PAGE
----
Fire department closing remaining suites at troubled Saskatoon condo tower

In April, 16 of 44 suites at the Prairie Heights tower on 20th Street W. were closed following fire department inspections. Now the fire department has closed the entire building.

It will be up to the condo owners to decide what happens next with the building, fire department says

Police were called to the Prairie Heights condo tower 403 times in 2020 and 131 times this year. (Dan Zakreski/CBC)

A beleaguered condo building in Saskatoon has been closed down, the city's fire department says.

In April, 16 of 44 suites at the Prairie Heights tower on 20th Street W. were closed following fire department inspections. Now, the fire department is closing the entire building, saying it was unable to get ahead of constant vandalism, squatting, drug dealing and other risky behaviour at the building.

Occupants were notified Thursday morning they would have to leave, and given until 2 p.m. CST on Thursday to find new housing. Support agencies were on hand, including the Ministry of Social Services, the Saskatchewan Health Authority, the Salvation Army, the Saskatoon Tribal Council — Sawêyihtotân Project and the Saskatoon Police Service.

Of the original 44 suites, 14 units were affected by the closure, three of which are owner-occupied. Thirty suites in the building were already boarded and vacant.

Police were at the building on Thursday afternoon clearing every unit and ensuring no one was left inside once the building was boarded up and fencing erected.

Saskatoon Fire Department Assistant Chief Yvonne Raymer said the department has been working with owners since fall 2020 to improve living conditions at the building.

An inspection in April found more than a dozen health and safety concerns, including unsafe and unsanitary conditions, no water to some suites, sewer waste backup, missing smoke alarms and ovens being used as heating sources. 

On Wednesday, an inspection revealed a water leak from an unknown source in the building. The fire department turned off the water, which meant there was no operational sprinkler system, Raymer said. Electricity was turned off to reduce the risk of fire, but that meant the fire alarms would go into battery backup mode and be drained, so there would be no fire alarm system either.

"We can't continue to fix the protection systems and keep everything going," Raymer said. "It's just not feasible at this point. It's just going to end up costing them more than what it's worth for the last 15 residents.

Take a tour inside a trouble Saskatoon condo tower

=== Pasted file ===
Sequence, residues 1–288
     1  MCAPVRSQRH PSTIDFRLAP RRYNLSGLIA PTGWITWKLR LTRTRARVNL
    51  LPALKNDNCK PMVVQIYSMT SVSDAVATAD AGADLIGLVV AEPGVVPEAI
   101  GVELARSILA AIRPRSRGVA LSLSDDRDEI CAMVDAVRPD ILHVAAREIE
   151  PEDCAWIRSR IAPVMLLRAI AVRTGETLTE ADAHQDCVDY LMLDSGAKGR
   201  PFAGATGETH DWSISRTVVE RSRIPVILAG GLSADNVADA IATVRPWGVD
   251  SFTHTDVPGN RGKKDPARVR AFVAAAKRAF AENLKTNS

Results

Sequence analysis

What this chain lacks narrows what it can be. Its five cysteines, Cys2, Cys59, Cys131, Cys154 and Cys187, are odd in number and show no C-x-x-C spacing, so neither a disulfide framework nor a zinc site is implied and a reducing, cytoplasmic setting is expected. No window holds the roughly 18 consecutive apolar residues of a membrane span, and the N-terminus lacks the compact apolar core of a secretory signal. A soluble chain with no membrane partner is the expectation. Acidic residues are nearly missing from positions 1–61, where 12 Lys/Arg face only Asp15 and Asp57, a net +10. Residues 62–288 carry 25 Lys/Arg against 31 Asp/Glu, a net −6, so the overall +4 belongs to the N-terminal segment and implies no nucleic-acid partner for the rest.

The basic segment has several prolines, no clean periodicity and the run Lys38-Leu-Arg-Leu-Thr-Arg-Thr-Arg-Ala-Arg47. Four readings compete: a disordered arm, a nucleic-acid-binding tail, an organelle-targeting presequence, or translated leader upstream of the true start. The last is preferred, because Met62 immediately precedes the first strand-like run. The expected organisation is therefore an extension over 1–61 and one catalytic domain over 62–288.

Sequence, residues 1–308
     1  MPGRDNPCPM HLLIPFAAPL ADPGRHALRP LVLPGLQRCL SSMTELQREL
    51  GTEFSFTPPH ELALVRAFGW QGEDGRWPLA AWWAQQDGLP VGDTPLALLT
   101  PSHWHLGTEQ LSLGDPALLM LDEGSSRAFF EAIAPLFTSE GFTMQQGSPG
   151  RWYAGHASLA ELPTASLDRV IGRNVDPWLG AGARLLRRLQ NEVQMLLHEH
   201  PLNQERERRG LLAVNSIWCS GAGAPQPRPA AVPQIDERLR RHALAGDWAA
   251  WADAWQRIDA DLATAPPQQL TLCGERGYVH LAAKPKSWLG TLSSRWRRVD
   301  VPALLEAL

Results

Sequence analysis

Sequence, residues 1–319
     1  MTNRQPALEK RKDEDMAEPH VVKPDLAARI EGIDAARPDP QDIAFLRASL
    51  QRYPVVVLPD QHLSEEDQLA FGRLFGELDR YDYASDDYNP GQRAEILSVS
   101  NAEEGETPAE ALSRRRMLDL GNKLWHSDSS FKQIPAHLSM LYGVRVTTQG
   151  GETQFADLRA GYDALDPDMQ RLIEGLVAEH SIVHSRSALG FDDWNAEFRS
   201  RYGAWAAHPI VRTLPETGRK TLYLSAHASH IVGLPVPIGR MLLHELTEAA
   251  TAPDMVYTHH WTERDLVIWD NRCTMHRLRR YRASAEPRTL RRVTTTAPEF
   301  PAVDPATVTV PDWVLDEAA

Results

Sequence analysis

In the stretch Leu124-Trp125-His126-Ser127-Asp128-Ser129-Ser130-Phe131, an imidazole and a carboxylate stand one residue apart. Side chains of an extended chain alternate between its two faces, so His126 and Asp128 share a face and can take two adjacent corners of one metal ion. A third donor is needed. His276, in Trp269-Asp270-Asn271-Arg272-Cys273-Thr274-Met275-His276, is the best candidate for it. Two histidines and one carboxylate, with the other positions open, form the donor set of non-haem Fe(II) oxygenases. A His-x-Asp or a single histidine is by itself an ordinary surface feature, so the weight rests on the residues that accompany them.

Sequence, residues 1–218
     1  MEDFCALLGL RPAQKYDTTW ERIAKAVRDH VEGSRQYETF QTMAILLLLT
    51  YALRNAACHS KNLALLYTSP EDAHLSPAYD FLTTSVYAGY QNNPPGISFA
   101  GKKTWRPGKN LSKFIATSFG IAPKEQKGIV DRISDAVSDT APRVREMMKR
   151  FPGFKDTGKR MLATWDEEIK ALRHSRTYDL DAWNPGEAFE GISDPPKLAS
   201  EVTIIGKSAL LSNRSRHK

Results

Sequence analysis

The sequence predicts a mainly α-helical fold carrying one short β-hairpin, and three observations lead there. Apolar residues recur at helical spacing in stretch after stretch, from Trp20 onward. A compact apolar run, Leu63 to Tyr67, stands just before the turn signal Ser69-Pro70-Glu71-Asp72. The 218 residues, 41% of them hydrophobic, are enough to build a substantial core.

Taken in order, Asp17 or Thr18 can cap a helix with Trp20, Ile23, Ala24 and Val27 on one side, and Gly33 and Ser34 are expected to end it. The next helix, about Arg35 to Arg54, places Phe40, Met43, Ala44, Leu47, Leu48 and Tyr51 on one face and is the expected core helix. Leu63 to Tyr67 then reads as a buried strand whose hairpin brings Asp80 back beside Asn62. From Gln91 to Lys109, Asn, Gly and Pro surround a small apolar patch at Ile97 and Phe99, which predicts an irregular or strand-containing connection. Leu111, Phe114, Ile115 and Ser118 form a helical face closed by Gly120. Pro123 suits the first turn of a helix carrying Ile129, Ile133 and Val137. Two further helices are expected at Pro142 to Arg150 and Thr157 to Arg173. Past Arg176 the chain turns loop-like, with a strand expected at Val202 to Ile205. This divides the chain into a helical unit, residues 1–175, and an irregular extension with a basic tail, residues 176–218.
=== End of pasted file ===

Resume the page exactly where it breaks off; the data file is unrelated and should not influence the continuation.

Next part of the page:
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Emergency services were called to the Prairie Heights building more than 500 times last year. They were called for fights, fires and floods. People who own units in the tower on 20th Street say it's a nightmare.

Property owners of the condo owe nearly $58,000 for necessary safety repairs that have been completed at the direction of the fire department.

Condo owners previously told CBC the building took a turn for the worse when it lost its property managers. The building also had no functioning condo board and some property owners had stopped paying condo fees.

Raymer said the fire department had encouraged the condo owners to seek legal counsel and take control of the building to avoid closure.

"This is the first time we've run into a condominium where there was no condo board, and really the building had no type of property management or administrator," she said. "So it put us in a difficult position."

It was even difficult for the fire department to determine who the owners were, or who was squatting and who was a resident, Raymer said. In some cases, even the owners didn't know who their tenants were.

Problem property

The tower had been a problem property for years.

The Saskatoon Fire Department was called to the building 109 times in 2020 and 45 times so far this year, not including inspections and investigations.

Saskatoon police took 403 calls for service to the building in 2020, half for suspicious people or disturbances. The remaining calls included domestic disputes, weapons and intoxicated people. Police responded to the building 131 times this year.

Raymer said the fire department will give the property owners enough time to get organized as a group and decide what will be done with the building.

"It's up to them," she said. "It depends if they can send in contractors and get all this work accomplished. It could be as soon as they want, and it could … take as long as [they] want."


Ashleigh Mattern is a reporter with CBC Saskatoon and CBC Saskatchewan.